December 21, 2020

Winter's Enchantment: Quotes, Art & Folklore, By Amanda Bergloff

Winter is a most enchanting time of year. Walking with snow falling soundlessly around me makes me feel like I am in a different world. During the long winter nights, I want to read, light candles, cook more and also let my imagination wander while sitting in front of a cozy fire.

To inspire you, we've collected some of EC's favorite things about please enjoy the quotes, art, tales, music, and folklore below that highlight this magical season!
The Winter Solstice is the time of ending and beginning, a powerful time - a time to contemplate your immortality. A time to forgive, to be forgiven, and to make a fresh start. A time to awaken.
-- Frederick Lenz
The Holly King
In various folklore traditions, the Holly King and Oak King are personifications of winter and summer that engage endlessly in a battle that reflects the seasonal cycles of the year. The Winter Solstice is the day that the Holly King is at the height of his power, bringing winter to the land, but at the Spring Equinox, his brother, the Oak King, wins the battle and begins his summer reign. The Holly King then retires to nurse his wounds for the next six months until it is time for him to win the battle and once again reign over the land.
Out of the bosom of the air,
Out of the cloud-folds of her garment shaken,
Over the woodlands brown and bare,
Over the harvest-fields forsaken,
Silent, and soft and slow,
Descends the snow.
-- Henry Wadsworth Longellow, Snowflakes
Some Winter Folklore
Holly, ivy, mistletoe, and pine are all evergreen plants that are key elements of folklore and festivity. When brought into the home during the winter months, they are symbols of eternity and life.

Revontulet is the name given to the Northern Lights in Finland and is associated with the arctic fox. In folktales, it's told that when the fox runs north, it brushes against the mountains with its fur and causes the sparks of the Northern Lights to fly into the air. 

The Merry Dancers or the Nimble Men are what the Northern Lights are known as in Gaelic folklore. They are thought to depict glorious fights among celestial warriors in the sky.

Calileach or Beira is the winter goddess in Scottish folklore that carries a magical staff that freezes the ground wherever she taps. When she throws the staff under her sacred trees, the gorse bush and the holly, it's a sign that winter has come to an end.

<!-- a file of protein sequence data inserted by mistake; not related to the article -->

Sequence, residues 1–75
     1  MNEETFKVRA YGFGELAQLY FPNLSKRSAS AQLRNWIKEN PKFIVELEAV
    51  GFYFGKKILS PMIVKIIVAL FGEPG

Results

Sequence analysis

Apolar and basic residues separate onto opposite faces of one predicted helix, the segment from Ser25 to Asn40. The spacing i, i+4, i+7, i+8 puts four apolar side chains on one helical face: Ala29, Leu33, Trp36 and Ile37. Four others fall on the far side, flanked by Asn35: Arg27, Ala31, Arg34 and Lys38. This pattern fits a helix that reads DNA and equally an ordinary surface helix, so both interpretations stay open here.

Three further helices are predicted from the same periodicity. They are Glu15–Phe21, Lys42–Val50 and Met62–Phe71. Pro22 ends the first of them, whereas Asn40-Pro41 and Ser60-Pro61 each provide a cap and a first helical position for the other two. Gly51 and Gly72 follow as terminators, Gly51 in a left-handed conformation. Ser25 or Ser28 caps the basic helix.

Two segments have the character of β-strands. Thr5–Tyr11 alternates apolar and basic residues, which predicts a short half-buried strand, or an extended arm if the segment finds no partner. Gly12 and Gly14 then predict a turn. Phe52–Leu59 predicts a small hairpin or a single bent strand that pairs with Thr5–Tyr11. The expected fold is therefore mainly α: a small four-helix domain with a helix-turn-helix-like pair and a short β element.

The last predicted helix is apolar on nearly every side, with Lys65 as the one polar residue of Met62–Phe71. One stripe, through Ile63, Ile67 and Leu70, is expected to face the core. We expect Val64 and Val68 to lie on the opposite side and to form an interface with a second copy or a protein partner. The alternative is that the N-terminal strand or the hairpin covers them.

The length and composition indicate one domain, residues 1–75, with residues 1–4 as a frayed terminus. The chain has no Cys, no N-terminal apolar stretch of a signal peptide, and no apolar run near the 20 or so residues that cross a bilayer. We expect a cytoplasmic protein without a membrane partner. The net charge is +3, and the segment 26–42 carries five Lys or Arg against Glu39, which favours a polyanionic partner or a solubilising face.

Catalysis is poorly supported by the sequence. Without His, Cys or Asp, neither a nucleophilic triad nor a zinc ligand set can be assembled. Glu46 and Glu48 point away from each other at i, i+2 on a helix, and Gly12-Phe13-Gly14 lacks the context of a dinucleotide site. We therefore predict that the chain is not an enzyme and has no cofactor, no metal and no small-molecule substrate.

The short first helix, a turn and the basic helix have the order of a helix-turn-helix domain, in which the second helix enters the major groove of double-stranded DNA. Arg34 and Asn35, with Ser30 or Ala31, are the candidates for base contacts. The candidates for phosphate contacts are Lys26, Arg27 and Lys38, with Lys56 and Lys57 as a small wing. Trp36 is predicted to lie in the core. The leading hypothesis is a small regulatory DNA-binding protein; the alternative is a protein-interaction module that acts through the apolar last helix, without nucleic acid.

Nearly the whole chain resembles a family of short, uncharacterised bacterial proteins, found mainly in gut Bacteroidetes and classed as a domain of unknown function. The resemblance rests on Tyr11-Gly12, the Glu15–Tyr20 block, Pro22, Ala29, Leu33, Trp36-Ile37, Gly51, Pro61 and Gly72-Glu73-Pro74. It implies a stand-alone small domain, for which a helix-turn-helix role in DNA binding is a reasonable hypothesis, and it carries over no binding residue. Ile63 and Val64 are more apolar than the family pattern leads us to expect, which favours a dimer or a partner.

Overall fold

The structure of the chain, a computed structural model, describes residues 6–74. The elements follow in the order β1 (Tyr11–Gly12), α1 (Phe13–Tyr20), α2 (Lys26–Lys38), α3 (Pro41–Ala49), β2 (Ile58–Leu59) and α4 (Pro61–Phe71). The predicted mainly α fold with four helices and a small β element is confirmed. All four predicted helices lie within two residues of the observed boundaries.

The robin is a bird thought to represent the new sun in Irish folklore. On the Winter Solstice, the tale has it that he killed his father the wren (who represents the old sun,) thus getting his red breast from the bloody act.

In Russian folklore, it was thought that you could help the world transition into spring by creating a straw figure and either throwing it in the river or burning it on a bonfire.

The Oshiroi baba or "Face Powder Hag" in Japanese folklore, descends from the mountains into villages on snowy nights to bring a reviving drink of sake to anyone in need of some warmth in the snow. In times of starvation, there are tales of this old hag being seen washing rice at a well from a bucket that magically refills no matter how much rice is removed (as long as one grain is left in the bucket) thus making her able to feed many people.

When persimmon seeds are split in half, they reveal either a fork, spoon, or knife shape. The fork shape predicts that winter will be mild. The spoon predicts an abundance of snow, while the knife indicates an exceptionally cold winter.
"The first fall of snow is not only an event, it is a magical event. You go to bed in one kind of world and wake up in another quite different, and if this is not enchantment, where is it to be found?"
  -- J. B. Priestley
"In the winter she curls up around a good book 
and dreams away the cold."
Ben Aaronovitch, "Broken Homes"
"So with the stretch of the white road before me, shining snowcrystals rainbowed by the sun, fields that are white, stained with long, cool, blue shadows, strong with the strength of my horse we run. Joy in the touch of the wind and the sunlight! Joy! With the vigorous earth I am one."